Posts Tagged ‘opteron 4000’

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AMD’s New Opteron

April 23, 2009

AMD’s announcement yesterday came with some interesting technical tidbits about its new server platform strategy that will affect its competitiveness in the virtualization marketplace. I want to take a look at the two new server platforms and contrast them with what is available today and see what that means for our AMD-based eco-systems in the months to come.

Initially, the introduction of more cores to the mix is good for virtualization allowing us to scale more gracefully and confidently as compared to hyper-threading. While hyper-threading is reported to increase scheduling efficiency in vSphere, it is not effectively a core. Until Nehalem-EX is widely available and we can evaluate 4P performance of hyper-threading in loaded virtual environments I’m comfortable awarding hyper-threading a 5% performance bonus – all things being equal.

AMD's Value Shift

AMD's Value Shift

What’s Coming?

That said, where is AMD going with Opteron in the near future and how will that affect Opteron-based eco-systems? At least one thing is clear: compatibility is assured and performance – at the same thermal footprint – will go up. So let’s look at the ramifications of the new models/sockets and compare them to our well-known 2000/8000 series to glimpse the future.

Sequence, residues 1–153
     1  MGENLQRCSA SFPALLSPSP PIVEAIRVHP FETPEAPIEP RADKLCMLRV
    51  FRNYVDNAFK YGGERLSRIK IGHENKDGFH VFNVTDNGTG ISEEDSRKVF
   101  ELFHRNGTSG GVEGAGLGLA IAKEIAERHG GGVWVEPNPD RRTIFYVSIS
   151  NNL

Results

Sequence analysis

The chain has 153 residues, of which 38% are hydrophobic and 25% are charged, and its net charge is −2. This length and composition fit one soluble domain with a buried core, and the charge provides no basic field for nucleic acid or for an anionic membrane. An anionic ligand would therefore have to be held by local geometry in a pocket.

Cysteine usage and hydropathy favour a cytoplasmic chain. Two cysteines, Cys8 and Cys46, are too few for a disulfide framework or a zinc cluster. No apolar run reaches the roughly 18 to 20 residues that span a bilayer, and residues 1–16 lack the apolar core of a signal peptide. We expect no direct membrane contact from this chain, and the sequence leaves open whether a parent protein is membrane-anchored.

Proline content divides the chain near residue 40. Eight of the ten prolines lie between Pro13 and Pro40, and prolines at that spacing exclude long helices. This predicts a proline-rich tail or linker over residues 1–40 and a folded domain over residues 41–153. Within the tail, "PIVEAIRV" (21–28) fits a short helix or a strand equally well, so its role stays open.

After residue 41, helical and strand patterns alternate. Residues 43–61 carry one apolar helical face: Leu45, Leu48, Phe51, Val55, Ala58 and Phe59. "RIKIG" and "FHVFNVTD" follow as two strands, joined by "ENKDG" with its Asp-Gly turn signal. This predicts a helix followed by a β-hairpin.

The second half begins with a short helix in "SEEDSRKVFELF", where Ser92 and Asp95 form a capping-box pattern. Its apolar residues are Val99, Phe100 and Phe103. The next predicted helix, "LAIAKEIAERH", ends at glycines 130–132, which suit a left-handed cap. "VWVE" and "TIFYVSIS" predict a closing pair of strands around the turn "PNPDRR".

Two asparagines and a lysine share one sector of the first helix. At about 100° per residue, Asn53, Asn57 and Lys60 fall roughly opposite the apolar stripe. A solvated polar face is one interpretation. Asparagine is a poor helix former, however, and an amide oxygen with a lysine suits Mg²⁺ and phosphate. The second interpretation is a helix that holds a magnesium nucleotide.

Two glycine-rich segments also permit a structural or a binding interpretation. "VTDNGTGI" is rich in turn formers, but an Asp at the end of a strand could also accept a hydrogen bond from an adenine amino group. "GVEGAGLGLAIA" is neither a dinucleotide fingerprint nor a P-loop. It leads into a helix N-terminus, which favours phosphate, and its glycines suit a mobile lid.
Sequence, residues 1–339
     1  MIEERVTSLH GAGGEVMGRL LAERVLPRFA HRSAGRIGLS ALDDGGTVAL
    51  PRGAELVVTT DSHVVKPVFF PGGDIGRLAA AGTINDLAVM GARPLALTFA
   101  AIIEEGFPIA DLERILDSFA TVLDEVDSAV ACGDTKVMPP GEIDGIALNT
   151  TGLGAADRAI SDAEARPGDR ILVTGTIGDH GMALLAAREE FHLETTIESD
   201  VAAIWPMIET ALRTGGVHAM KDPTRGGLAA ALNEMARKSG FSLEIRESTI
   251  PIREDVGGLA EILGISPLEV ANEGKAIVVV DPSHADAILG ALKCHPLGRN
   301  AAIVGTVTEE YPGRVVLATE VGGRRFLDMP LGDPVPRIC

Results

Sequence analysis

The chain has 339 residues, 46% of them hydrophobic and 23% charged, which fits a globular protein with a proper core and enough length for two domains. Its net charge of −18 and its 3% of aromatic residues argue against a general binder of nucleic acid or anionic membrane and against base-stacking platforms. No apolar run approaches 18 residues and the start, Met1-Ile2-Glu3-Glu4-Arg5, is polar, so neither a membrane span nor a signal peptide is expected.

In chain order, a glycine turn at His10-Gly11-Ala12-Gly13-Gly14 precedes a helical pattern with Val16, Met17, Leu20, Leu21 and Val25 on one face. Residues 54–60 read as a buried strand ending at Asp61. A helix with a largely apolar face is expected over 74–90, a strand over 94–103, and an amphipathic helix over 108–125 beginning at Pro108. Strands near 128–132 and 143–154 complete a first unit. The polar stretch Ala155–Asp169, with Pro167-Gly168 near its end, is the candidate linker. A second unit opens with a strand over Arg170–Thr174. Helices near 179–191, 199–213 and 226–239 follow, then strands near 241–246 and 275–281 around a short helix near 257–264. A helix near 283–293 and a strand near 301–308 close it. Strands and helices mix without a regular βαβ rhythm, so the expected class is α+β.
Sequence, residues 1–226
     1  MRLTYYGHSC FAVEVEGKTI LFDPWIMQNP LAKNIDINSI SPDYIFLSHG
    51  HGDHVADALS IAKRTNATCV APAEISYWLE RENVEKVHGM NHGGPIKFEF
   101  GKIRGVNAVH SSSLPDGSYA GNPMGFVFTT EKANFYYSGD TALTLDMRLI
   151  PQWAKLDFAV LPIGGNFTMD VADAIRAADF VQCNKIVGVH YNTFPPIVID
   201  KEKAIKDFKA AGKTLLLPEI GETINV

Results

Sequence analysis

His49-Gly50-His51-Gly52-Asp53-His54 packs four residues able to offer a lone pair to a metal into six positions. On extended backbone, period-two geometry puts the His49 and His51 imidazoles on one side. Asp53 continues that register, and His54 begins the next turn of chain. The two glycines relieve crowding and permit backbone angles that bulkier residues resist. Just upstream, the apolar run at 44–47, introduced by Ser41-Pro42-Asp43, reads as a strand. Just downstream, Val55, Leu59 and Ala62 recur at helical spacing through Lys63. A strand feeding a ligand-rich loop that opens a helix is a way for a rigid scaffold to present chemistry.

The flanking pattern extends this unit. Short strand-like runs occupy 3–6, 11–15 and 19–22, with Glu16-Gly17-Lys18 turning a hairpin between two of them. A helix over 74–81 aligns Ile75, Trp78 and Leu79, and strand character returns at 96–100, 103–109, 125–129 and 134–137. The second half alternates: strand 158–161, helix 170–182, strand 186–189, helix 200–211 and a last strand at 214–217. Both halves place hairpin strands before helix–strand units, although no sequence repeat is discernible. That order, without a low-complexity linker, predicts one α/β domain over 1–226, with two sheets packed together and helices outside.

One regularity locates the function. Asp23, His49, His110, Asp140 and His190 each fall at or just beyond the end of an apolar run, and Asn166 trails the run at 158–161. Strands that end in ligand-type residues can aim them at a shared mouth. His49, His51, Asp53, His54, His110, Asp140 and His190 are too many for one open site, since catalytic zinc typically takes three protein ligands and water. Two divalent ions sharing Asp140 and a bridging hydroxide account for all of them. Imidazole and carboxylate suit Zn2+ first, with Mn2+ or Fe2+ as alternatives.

A fundamental shift away from DDR2 and towards DDR3 for the new sockets is a major difference. Like the Phenom II, Core i7 and Nehalem processors, the new Opteron will be a DDR3 specimen. Assuming DDR3 pricing continues to trend down and the promise of increased memory bandwidth is realized in the HT3/DCA2 and Opteron, DDR3 will deliver solid performance in 4000 and 6000 configurations.

Opteron 6000: Socket G34

From the announcement, G34 is analogous to the familiar 8000-series line with one glaring exception: no 8P on the road-map. In the 2010-2011 time frame, we’ll see 8-core, 12-core and 16-core variants with a new platform being introduced in 2012. Meanwhile, the 6000-series will support 4-channels of “unbuffered” or “registered” DDR3 across up to 12DIMMs per socket (3 banks by 4 channels). Assuming 6000 will support DDR3-1600, the theoretical bandwidth of a 4 channel design would yield memory bandwidths in the 40-50GB/sec range per link (about twice Istanbul’s).

AMD 2010-2013 Road-map

AMD 2010-2013 Road-map

With a maximum module density of 16GB, a 12-DIMM by 4-socket system could theoretically contain 768GB of DDR3 memory. In 2011, that equates to 12GB/core in a 4-way, 64-core server. At 4:1 consolidation ratios for typical workloads, that’s 256 VM/host at 3GB/VM (4GB/VM with page sharing) and an average of 780MB/sec of memory bandwidth per VM. I think the math holds-up pretty well against today’s computing norms and trends. Read the rest of this entry ?